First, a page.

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Hoffmann, R. A wiki for the life sciences where authorship matters. Nature Genetics (2008)

Recurrent Cushing's disease: successful treatment by pituitary irradiation or trans-sphenoidal hypophysectomy in two cases.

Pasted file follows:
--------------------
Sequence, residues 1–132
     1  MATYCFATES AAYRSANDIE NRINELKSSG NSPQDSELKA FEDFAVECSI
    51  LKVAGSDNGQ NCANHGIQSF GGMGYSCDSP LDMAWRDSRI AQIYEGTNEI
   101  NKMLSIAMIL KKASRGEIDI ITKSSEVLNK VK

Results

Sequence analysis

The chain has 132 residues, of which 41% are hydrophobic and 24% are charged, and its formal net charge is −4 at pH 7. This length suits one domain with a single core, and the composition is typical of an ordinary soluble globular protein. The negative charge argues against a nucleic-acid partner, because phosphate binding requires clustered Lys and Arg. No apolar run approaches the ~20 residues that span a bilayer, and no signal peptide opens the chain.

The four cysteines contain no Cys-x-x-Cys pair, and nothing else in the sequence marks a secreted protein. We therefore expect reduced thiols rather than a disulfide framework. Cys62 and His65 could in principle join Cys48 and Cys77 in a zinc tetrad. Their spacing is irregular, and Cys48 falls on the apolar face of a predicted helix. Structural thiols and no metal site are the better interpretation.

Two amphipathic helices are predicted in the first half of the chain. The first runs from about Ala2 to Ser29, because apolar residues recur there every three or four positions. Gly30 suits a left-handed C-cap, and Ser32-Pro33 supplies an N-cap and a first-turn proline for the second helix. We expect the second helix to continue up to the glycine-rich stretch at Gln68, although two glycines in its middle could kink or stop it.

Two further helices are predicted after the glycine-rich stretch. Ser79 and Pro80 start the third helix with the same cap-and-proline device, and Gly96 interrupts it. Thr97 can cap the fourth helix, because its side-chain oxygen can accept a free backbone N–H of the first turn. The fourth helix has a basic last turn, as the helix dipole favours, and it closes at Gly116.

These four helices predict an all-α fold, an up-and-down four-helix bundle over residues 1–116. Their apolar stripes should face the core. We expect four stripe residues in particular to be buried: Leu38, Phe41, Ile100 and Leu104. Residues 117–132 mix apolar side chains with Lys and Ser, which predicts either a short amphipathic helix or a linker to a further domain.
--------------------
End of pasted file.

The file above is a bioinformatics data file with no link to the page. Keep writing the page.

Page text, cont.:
Two patients developed recurrent Cushing's disease 3 and 7 years after total bilateral adrenalectomy. In the first patient, a 65-year-old man, the adrenal tissue was not localized by radioactive cholesterol scintigraphy. Plain x-ray films of the skull revealed a normal sella turcica. Although clinical improvement resulted from the discontinuation of cortisone replacement therapy, urinary free cortisol levels remained elevated and the patient was treated with pituitary irradiation. Serum and urine cortisol levels gradually returned to normal. Four years after irradiation, the plasma adrenocorticotropic hormone (ACTH) concentration was elevated, but tomography of the sella turcica and urinary cortisol excretion remained normal. The second patient, a 41-year-old man, displayed elevated ACTH levels and x-ray evidence of a pituitary tumor at the time of recurrent Cushing's disease. After trans-sphenoidal hypophysectomy, the hypercortisolism abated and the ACTH concentration returned to normal. Adrenal scintigraphy frequently locates cortisol-secreting tissue in patients with recurrent Cushing's disease, and some investigators suggest treatment by the surgical removal of the adrenal remnant. Although the etiology of Cushing's disease is controversial, current evidence suggests that most cases result from ACTH-producing pituitary tumors. We suggest, therefore, that the anterior pituitary gland may be a more suitable target than the adrenal remnant for the treatment of recurrent Cushing's disease.[1]


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